Lumina 1.4.0 is a major release that introduces several new core components, such as the Lumina Theme Engine to provide enhanced theming capabilities for the desktop environment and apps written in the Qt 5 application framework. The Lumina Theme Engine comes with a configuration utility and makes the previous desktop theme system obsolete, though it's possible to migrate your current settings to the new engine. "The backend of this engine is a standardized theme plugin for the Qt5 toolkit, so that all Qt5 applications will now present a unified appearance (if the application does not enforce a specific appearance/theme of it’s own)," said the developer in today's announcement. "Users of the Lumina desktop will automatically have this plugin enabled: no special action is required." Read more

today's leftovers

  • qBittorrent 4.0 Is a Massive Update of the Open-Source BitTorrent Client
    qBittorrent, the open-source and cross-platform BitTorrent client written in Qt for GNU/Linux, macOS, and Windows systems, has been updated to version 4.0, a major release adding numerous new features and improvements. qBittorrent 4.0 is the first release of the application to drop OS/2 support, as well as support for the old Qt 4 framework as Qt 5.5.1 or later is now required to run it on all supported platforms. It also brings a new logo and a new SVG-based icon theme can be easily scaled. Lots of other cosmetic changes are present in this release, and the WebGUI received multiple enhancements.
  • FFmpeg Continues Working Its "NVDEC" NVIDIA Video Decoding Into Shape
    Earlier this month the FFmpeg project landed its initial NVDEC NVIDIA video decoding support after already supporting NVENC for video encoding. These new NVIDIA APIs for encode/decode are part of the company's Video Codec SDK with CUDA and is the successor to the long-used VDPAU video decoding on NVIDIA Linux boxes. That NVDEC support has continued getting into shape.
  • Kobo firmware 4.6.10075 mega update (KSM, nickel patch, ssh, fonts)
    A new firmware for the Kobo ebook reader came out and I adjusted the mega update pack to use it. According to the comments in the firmware thread it is working faster than previous releases. The most incredible change though is the update from wpa_supplicant 0.7.1 (around 2010) to 2.7-devel (current). Wow.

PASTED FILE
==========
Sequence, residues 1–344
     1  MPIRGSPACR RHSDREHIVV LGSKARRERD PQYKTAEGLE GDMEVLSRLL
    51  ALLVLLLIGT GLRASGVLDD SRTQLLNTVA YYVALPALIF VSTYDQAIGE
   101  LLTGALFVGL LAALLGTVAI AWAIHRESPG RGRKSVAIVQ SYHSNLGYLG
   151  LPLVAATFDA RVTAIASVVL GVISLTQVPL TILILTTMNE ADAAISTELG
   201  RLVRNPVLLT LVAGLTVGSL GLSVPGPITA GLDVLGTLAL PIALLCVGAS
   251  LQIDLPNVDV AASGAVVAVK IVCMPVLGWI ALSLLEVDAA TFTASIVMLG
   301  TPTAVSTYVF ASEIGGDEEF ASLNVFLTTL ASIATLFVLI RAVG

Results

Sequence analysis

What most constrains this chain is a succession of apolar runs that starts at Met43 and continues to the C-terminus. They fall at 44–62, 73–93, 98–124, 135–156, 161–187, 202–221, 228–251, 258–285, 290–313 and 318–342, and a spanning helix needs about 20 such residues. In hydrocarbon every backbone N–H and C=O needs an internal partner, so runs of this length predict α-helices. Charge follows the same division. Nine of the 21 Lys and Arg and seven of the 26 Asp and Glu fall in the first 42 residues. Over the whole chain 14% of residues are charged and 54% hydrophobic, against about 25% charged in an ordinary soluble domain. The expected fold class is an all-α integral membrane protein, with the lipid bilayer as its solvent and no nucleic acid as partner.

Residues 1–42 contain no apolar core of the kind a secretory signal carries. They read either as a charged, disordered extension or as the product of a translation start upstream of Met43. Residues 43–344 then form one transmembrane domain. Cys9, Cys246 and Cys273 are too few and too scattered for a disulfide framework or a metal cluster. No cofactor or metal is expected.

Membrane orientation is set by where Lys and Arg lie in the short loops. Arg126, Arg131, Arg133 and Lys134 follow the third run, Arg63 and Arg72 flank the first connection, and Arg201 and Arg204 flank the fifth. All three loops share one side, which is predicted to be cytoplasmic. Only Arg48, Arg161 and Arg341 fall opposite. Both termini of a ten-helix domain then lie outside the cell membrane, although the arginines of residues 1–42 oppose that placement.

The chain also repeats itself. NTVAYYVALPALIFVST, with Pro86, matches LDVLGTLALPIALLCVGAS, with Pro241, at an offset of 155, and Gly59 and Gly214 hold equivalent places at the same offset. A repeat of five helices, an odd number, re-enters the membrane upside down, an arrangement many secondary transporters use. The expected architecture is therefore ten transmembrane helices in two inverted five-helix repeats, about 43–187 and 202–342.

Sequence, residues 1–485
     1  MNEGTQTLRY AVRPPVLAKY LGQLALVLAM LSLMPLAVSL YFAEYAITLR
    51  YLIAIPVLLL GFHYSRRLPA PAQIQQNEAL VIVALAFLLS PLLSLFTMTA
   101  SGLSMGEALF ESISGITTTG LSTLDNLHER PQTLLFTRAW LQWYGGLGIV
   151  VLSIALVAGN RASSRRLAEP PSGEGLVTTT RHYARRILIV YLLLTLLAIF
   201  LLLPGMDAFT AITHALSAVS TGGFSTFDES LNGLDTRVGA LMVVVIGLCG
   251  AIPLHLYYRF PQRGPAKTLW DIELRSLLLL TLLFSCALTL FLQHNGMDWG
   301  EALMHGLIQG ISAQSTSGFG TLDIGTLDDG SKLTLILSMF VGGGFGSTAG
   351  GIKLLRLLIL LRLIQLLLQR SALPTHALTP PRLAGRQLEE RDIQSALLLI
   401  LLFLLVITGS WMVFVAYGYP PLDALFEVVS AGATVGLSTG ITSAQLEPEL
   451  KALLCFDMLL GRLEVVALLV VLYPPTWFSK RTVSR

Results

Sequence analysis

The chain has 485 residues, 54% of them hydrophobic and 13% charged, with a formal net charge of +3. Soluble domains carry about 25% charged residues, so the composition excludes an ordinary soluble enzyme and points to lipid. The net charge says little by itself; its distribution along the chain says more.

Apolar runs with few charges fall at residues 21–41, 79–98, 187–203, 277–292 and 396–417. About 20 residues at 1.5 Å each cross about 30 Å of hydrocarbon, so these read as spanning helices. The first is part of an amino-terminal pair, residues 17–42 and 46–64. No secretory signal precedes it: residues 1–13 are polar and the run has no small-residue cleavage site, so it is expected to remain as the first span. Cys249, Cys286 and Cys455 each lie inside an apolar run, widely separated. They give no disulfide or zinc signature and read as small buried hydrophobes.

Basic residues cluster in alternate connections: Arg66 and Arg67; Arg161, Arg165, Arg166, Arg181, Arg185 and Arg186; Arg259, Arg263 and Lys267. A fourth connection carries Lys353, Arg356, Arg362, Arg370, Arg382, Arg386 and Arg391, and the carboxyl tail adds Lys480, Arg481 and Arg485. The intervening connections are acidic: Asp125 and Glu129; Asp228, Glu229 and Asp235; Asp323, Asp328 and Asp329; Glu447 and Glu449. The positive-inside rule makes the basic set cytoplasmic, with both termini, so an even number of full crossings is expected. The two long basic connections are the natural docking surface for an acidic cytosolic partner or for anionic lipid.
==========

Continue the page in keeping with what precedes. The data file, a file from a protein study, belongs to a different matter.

• 3.5-inch Apollo Lake SBC has dual mini-PCIe slots and triple displays
    Avalue’s Linux-friendly, 3.5-inch “ECM-APL2” SBC features Apollo Lake SoCs, 2x GbE, 4x USB 3.0, 2x mini-PCIe, triple displays, and optional -40 to 85°C. Avalue’s 3.5-inch, Apollo Lake based ECM-APL single-board computer was announced a year ago, shortly after Intel unveiled its Apollo Lake generation. Now it has followed up with an ECM-APL2 3.5-incher with a slightly different, and reduced, feature set.
  • 7 Best Android Office Apps To Meet Your Productivity Needs
    Office application is an essential suite that allows you to create powerful spreadsheets, documents, presentations, etc., on a smartphone. Moreover, Android office apps come with cloud integration so that you can directly access the reports from the cloud, edit them, or save them online. To meet the productivity need of Android users, the Play Store offers an extensive collection of Android office apps. But, we have saved you the hassle of going through each one of them and provided you a list of the best office apps for Android. The apps that we have picked are all free, although some do have Pro version or extra features available for in-app purchases. You can also refer to this list if you’re looking for Microsoft Office alternatives for your PC.

Servers and Red Hat